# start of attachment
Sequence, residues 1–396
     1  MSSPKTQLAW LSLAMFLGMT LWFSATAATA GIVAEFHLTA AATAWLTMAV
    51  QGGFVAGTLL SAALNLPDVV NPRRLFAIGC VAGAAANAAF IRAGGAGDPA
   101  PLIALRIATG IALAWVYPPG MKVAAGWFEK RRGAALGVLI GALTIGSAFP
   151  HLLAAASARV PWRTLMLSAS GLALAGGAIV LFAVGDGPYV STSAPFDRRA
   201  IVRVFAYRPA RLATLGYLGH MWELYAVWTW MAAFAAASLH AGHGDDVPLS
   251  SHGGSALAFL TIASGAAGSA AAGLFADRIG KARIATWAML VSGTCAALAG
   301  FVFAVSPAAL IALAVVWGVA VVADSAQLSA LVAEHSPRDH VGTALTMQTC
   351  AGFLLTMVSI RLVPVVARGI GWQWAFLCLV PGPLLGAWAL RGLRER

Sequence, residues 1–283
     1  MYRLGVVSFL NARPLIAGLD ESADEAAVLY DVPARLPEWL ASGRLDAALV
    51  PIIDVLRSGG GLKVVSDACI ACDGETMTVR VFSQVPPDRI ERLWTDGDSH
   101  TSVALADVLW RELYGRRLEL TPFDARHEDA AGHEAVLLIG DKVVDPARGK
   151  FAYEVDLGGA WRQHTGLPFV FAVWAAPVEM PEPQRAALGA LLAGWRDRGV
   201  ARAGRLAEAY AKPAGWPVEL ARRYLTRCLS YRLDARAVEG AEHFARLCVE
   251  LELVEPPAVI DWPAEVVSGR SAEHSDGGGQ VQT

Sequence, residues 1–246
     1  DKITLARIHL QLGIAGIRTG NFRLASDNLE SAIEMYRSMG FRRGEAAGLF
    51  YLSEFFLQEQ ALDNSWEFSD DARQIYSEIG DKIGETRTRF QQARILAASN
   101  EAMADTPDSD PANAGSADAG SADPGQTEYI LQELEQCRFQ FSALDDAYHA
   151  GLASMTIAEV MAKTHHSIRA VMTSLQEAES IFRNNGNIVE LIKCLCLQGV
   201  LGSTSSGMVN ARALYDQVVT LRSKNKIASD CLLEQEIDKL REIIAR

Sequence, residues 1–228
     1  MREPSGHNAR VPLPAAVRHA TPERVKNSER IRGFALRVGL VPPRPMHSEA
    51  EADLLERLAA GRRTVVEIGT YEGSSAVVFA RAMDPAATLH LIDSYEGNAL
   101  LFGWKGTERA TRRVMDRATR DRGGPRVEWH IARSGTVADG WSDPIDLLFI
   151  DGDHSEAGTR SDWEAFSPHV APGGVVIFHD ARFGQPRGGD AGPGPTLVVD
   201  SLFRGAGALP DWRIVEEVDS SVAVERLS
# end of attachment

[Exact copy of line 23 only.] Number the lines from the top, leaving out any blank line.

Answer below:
Sequence, residues 1–228